HomeNews Summer is as busy as it seems for businesses
Summer is as busy as it seems for businesses
Written by Seth Mensing
Wednesday, 31 July 2013
Now to make the magic last …
True to form, July has been a blur of people and events, from Elk Avenue to the base area. If it hadn’t been, business owners would start to think something went wrong. But with parking spots so hard to come by between Sunday morning and Saturday night and hoards of out-of-town guests walking around in awe, the summer is turning out to be as big as it was billed to be.
Betsy Heartfield, manager and co-owner of The Mountain Store in Crested Butte, says the summer started out just as she expected it would, with a busy Fourth of July holiday. “It’s just been nuts,” she says. “Summer is as strong as it’s ever been. But I think it’s been more consistent throughout the week this year than it has in the past. We’re getting a lot of Coloradoans in addition to the regular visitors from Texas and Oklahoma. I think more people are getting out to explore their state.” Like most of her neighbors on Elk Avenue, Heartfield is happy with the rapid pace of July. Next door at Big Al’s Bicycle Heaven, owner Ali Fuchs says, “It’s busy for sure. Everyone thinks it’s busier. But, for me, every day in July is busy. I think other people notice it because they’re out on the street more.” Heartfield and Fuchs have both seen their sales numbers increase this summer, which is the metric every business owner uses to gauge the success of summer. “But if my shop’s not full of people in July, I’m doing something wrong,” Fuchs says. “Our numbers are up, so it’s been a great season for sure.” Peak Sports owner Andy Eflin says his shop in the Crested Butte Mountain Resort (CBMR) base area has seen the same kind of activity, with kids lining up at the Adventure Park while their parents go shopping, and out-of-town riders renting bikes. “We’re busy. There’s a lot of action up here on the mountain and the Adventure Park seems to be going off. The Bicycle Tour of Colorado was in and on their layover day they all charged up here and rented bikes. It was awesome,” Eflin says. “We were very busy that day. Opening weekend was a real bang this year and we were super-busy up here that weekend. By the time Crested Butte Bike Week came around we were busy up here again. So it’s been a good summer.” continued from page 1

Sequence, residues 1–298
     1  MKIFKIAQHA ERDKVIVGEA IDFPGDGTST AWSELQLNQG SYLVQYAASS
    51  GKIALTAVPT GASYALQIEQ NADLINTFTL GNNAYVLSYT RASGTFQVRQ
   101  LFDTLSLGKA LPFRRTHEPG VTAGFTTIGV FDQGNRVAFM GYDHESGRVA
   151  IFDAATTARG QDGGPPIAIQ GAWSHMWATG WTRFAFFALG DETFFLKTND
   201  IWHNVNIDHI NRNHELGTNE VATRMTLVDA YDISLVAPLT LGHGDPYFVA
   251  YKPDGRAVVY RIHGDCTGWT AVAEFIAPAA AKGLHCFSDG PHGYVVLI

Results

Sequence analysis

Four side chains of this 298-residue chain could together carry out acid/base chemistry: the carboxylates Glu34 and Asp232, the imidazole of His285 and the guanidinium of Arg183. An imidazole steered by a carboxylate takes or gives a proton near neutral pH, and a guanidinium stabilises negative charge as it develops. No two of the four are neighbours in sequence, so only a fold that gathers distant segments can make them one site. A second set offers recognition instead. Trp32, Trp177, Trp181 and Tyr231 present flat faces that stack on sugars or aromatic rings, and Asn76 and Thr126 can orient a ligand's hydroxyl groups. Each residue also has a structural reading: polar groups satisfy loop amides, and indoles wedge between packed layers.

Crested Butte Mountain Resort is driving business in Mt. Crested Butte with new and improved base area amenities and mountain bike trails, and Eflin says he’s seen a lot of out-of-town riders coming to the valley just to see what’s happening on the mountain. “We’re seeing people coming in from other areas saying, ‘We’re here to ride your bike park because we heard it’s cool,’” Eflin says. “So that’s definitely helping.” CBMR’s free Live! from Mt. Crested Butte Wednesday evening music series is seeing bigger crowds this year, packing the base area weekly, even during a rainy Pato Banton show on July 17. The free music and the rain are proving to be a boon to Todd Barnes’ business at The Avalanche, where the summer is as brief as it is intense, lasting the six weeks from the Fourth of July weekend through the middle of August. But, Barnes says after he took over the restaurant almost five years ago he saw a “dramatic increase” in business with the opening of CBMR’s Adventure Park. He also sees a rush for dinner on Wednesday nights that’s new with the advent of the Live! music series. Since then, he says, business has leveled off and follows the predictable rhythm of the seasons. “The summers are always pretty solid,” Barnes says. “Other than this summer’s lack of employees that everybody’s battling … it’s been good. But you can’t cram any more stuff into those six weeks—we’re about as busy as we can be. So in order for this business to grow, we have to see the season extended on one side or the other.” Heartfield agrees that the only way to improve business in July is to extend that success into June and August, even September. The recent afternoon rain showers, she says, might help in that regard by extending the wildflower season this year. Sue Wallace, director of the Crested Butte Wildflower Festival, says she has seen an incredible number of people this summer, especially during the week of the festival, July 8-14. But so much traffic in such a short time takes its toll on the flora. By offering events until August 17, Wallace hopes to extend the festival’s season as long as it can go. “We want to grow the festival in a way that doesn’t create more impact in that week, so this was a perfect example of stretching the season on either end. And if somebody comes in late August and we know there’s something still blooming, we’ll take them there.” CBMR will also be running their lifts for mountain bikers and hikers through September. Eflin says that’s helping extend his season. As the first business open on the mountain, he says, he can expect to see customers from Memorial Day into September. “They’ve got lifts running every weekend through September this year, so for us it goes until the end of September now,” he says. “It used to be the first of September.” The pace of reservations at CBMR’s hotels is proving that people are spending more time and staying during an extended season at the resort, where room nights are up 16 percent over last summer, between June and September. CBMR public relations and communications manager Erica Reiter says July is on pace to see a 21 percent increase in room nights. Lift ticket sales are up 19 percent over last summer, Reiter says, and tickets sold for the Adventure Park jumped 24 percent, while the amount of use the park is seeing has jumped 51 percent, in large part because of the new and popular BagJump. “All in all it has been a great summer for us here at the resort. Our offerings and amenities continue to improve every summer and the numbers are showing that it’s a success,” Reiter says. “The Wednesday night Live! from Mt. Crested Butte concert series has seen a phenomenal turn out, biking is growing with visiting families, as well as downhill-focused riders and the BagJump has been a big hit. It is great to see the hustle and bustle, for sure.” The Crested Butte Music Festival is another major force in the valley’s summer tourism scene, offering 46 events this year throughout July and into August. In the last three years, the festival’s ticket revenue has gone up 175 percent and the quality of the performances keeps going up as well. Some of that increase can be attributed to the availability of a bigger venue, in the Big Mine Ice Arena, but more important is the ever-expanding group of world-class musicians who come to the festival every summer, resulting in four sold-out nights of the opera, a growing Bluegrass in Paradise festival and sold-out symphony performances throughout the summer. Through programs like the Divine Family Young People’s Concert series and free dress rehearsals of festival performances, organizers are making the events more appealing to locals and people passing by on the street who might have never been to the festival. “We’re starting to market and are seeing movement from Grand Junction and the Front Range,” music festival director of marketing and communications Susan Gellert says. “I had a great quote from a guy who had been here many times but never gone to the music festival and said he was so blown away, next year he would be coming back for the music festival.” And that sums it up. People have discovered summer in the valley and they like it. In fact, they appear to like it so much that they are already planning on returning next year.